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Remaining Supportive When You Disagree with your Client's Decision

Dear Doula,

I keep running into a very frustrating question at prenatal visits and I'm not sure how to respond to my clients. The question goes something like this: "My doctor is pretty conservative and there are a lot of things he says he does that I don't want, like routinely induce at forty and a half weeks or that I have to deliver on my back. How do I navigate this and get the birth I want?" I suggest they change care providers but they respond by saying something like "I don't feel comfortable doing that this late" or "I really like him other than that" or "He's the only doctor my insurance covers." How do I deal with this knowing they may not get the birth they want? What do I tell them about 'navigating' these things during their birth. How do I remain nonjudgemental and supportive when I feel like they are setting themselves up for failure? Help!! TIA.


Frustrated AF


Dear Frustrated AF,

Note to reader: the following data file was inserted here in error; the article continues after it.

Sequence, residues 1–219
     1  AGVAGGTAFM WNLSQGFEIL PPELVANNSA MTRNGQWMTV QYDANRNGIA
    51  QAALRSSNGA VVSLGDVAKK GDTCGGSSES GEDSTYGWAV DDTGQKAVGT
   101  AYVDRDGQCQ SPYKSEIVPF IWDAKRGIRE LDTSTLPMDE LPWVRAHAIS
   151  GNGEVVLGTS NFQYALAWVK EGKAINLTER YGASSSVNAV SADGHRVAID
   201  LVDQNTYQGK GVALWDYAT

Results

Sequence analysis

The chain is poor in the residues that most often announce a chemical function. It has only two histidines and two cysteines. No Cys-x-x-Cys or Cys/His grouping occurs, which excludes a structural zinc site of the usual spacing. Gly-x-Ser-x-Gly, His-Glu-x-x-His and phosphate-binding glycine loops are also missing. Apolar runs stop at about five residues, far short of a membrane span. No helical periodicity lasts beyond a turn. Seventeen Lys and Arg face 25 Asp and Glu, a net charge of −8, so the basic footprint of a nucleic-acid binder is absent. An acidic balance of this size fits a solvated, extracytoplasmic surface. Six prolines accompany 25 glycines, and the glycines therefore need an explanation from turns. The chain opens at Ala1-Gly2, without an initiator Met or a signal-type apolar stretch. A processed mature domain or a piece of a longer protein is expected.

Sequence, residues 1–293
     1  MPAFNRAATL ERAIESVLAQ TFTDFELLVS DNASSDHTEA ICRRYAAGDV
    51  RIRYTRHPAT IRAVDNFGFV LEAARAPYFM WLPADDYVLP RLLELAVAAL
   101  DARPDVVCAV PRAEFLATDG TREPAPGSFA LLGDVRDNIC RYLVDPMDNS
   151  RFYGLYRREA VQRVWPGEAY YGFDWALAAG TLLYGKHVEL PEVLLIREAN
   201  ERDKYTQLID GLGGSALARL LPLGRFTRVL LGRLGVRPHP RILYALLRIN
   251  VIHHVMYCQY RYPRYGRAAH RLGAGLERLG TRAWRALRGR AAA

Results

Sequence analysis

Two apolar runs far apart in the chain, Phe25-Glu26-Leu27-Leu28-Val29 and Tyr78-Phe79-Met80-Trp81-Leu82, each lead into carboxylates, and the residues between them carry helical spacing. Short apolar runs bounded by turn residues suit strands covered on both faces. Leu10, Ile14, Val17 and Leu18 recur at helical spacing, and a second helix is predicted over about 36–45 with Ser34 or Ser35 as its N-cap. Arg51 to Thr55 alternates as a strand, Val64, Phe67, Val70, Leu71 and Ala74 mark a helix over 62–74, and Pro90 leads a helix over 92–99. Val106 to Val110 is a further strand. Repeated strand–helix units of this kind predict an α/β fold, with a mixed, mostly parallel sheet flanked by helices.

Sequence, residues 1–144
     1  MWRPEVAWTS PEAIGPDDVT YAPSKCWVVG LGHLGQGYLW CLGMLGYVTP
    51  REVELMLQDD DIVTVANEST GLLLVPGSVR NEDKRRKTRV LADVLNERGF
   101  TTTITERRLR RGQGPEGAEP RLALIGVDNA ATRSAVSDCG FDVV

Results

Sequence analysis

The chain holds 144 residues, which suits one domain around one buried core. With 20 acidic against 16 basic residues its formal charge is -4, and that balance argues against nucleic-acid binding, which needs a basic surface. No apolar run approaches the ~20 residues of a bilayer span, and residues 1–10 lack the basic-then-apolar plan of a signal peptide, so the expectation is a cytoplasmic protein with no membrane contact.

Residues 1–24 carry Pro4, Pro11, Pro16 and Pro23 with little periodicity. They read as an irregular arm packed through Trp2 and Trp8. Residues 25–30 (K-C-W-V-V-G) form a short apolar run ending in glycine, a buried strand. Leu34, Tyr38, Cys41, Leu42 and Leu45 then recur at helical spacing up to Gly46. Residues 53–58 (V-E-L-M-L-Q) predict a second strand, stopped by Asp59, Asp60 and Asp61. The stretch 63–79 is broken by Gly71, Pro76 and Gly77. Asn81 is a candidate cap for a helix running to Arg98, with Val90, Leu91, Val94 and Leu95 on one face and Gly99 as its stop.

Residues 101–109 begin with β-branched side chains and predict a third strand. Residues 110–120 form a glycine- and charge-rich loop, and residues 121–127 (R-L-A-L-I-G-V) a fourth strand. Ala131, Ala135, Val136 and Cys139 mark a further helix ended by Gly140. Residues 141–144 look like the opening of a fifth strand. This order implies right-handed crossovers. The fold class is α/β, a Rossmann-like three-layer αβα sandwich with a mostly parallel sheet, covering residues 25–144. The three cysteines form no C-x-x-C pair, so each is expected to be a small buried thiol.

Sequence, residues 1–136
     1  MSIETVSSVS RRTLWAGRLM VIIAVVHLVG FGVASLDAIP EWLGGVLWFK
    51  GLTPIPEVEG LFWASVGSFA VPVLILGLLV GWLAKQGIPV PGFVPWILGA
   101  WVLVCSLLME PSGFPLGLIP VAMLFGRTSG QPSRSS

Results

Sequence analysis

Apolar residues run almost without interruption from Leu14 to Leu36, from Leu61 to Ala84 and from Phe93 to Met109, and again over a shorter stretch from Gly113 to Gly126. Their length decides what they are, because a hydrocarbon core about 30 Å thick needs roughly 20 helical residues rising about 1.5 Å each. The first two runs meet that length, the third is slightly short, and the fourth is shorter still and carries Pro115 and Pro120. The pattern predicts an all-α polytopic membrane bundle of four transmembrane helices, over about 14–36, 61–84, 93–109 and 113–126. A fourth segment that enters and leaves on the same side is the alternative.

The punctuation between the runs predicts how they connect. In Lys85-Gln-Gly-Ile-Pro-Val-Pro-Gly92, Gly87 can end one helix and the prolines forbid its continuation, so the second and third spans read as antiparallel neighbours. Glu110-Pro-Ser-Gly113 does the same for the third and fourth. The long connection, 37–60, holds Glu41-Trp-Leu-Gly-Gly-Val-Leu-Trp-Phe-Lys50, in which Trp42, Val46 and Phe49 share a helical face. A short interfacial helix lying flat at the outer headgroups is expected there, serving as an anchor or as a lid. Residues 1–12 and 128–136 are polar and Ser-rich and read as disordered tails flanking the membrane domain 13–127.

This is such a terribly difficult scenario to be in and I've been there so many times. It's so hard to witness this go down, knowing your client is potentially setting themselves up for a birth experience they won't be happy with. If all the talking to them in the world doesn't change their mind about switching care providers, then it's up to you to be as compassionate and supportive during and after their birth as possible. If they have feelings about a part of their care they aren't happy with, empathize with their experience and reflect back to them that is it completely legitimate to feel whatever they are feeling. This can help mitigate trauma that can happen when their wants and needs are not shared by their care provider. If they can leave their birth feeling like at least one member of their team was respectful of their choices, it will make the memory of their birth much better. If there is tension during the birth between them and their doctor, remind yourself to not take this energy in. They chose to stay with this provider and you must support that decision - even if you don't agree with it. As you get further into your career, you can choose not to work with certain care providers. I chose to not attend births at a particular hospital that was not friendly towards patient wishes and it was such a relief. And if they are mistreated during the birth, suffer obstetric violence or are not given true informed consent, please encourage them to make a complaint to the hospital or the medical board in your state. Even if they decline to do so, you'll feel like you did all you could. One of the most important parts of doula work is helping parents feel heard, supported and cared for during their birth. Best of luck!


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